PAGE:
is one prominent strategy (Health Insurance Association of America, 1988; Taravella, 1987).
Because the case manager is not managing care as a physician does but rather is trying to see that health plan benefits are used wisely, some organizations prefer to call their programs "individual benefits management." Other organizations, reluctant to highlight cost objectives, use the term "medical case management."
What distinguishes high-cost case management from other utilization management or managed care programs is its intensive and specialized focus on high-cost medical cases. Preadmission and continued stay review, in contrast, cover a broader array of cases in a much less intense fashion.
The generic label "case management" seems to have arisen in the 1970s with government projects to encourage the integration of services for clients of social welfare programs (Monroe County Long Term Care Program, Inc., 1986). These include the Services Interaction Targets for Opportunities program in the 1970s and the channeling and Social/Health Maintenance Organization demonstration projects for the elderly in the 1980s (Merrill, 1985). High-cost case management shares with other case management approaches an emphasis on assessing individual needs and circumstances and then planning, arranging, and monitoring needed services. However, because it focuses on a relatively small number of expensive cases, high-cost case management can be distinguished from so-called primary-care case management approaches often used in HMOs and Medicaid programs. In these programs, all individuals are assigned to a case manager who ordinarily must authorize or provide most services. And because health care cost containment is a central goal, high-cost case management can be distinguished from social welfare case management that is aimed at helping clients get the services they need from the complex labyrinth of welfare programs and agencies.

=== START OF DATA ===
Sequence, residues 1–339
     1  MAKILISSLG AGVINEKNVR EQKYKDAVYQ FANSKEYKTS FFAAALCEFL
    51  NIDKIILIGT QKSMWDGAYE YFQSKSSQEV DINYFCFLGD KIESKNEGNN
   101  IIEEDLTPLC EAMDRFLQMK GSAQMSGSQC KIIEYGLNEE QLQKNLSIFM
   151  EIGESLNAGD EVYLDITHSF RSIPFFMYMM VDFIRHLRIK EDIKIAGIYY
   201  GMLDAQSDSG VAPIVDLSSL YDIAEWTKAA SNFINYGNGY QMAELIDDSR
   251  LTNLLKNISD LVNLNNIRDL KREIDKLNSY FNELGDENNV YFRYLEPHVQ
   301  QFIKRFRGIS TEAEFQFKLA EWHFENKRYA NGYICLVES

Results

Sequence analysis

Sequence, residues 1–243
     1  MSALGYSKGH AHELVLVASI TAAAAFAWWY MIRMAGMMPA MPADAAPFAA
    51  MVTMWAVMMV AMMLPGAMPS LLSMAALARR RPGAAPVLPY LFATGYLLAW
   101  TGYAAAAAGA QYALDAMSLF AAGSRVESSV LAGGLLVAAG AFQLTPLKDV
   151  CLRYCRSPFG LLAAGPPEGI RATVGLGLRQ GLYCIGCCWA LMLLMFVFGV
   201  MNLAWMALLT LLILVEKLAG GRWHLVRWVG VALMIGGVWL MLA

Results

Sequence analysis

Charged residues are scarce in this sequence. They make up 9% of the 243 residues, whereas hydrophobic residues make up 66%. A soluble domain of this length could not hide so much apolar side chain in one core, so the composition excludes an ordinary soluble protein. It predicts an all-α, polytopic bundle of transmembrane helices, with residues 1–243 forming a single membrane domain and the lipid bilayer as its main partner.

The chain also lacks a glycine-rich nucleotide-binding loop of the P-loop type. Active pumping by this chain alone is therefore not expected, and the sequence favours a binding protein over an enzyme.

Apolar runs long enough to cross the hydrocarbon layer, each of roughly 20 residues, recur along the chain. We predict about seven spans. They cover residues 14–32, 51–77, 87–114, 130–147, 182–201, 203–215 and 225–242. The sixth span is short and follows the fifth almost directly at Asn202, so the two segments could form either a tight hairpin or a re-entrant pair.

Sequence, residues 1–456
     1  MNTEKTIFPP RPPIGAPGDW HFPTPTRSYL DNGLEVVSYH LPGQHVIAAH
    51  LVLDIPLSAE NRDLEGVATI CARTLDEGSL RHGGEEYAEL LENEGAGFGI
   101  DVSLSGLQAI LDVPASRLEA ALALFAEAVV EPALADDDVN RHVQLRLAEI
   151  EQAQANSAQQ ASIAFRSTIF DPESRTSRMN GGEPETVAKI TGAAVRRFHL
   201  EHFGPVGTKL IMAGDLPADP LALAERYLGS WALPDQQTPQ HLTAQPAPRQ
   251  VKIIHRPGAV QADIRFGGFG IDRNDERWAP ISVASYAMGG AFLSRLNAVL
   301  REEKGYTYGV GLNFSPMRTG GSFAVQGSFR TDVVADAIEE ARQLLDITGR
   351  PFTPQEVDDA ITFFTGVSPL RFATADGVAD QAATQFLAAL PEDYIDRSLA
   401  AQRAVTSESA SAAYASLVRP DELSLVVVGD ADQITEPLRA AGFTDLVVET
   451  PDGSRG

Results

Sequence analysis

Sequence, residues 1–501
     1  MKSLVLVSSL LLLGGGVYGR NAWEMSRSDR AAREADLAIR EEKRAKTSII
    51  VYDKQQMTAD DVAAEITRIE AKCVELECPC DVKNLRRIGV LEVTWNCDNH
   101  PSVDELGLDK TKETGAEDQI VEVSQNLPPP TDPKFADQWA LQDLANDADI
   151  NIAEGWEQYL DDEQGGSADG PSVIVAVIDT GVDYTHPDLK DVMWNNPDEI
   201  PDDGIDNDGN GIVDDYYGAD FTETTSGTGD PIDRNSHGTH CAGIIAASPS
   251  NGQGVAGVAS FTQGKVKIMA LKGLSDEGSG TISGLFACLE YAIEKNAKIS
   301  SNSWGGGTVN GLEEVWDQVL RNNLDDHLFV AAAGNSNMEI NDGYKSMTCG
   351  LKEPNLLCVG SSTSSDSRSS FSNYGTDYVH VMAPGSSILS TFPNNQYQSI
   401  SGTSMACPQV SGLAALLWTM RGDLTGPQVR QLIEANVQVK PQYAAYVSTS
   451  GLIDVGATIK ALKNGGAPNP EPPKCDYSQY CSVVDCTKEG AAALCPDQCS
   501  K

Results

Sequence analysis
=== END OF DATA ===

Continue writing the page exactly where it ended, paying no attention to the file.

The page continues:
In focusing on very expensive patients, high-cost case management responds to an important characteristic of medical care: a small group of individuals with very costly illnesses or injuries account for a large share of the total expenditure. The experience of one company is typical: 2 percent of plan members with yearly expenses of $10,000 or more accounted for 38 percent of plan medical expenses (Rosenbloom and Gertman, 1984). In another company, 6 percent of those making benefit claims (and not all employees submit claims) accounted for more than 55 percent of health plan expenditures (Alexandre, 1988). National data suggest that 1 percent of the U.S. population (all age groups) accounts for 29 percent of total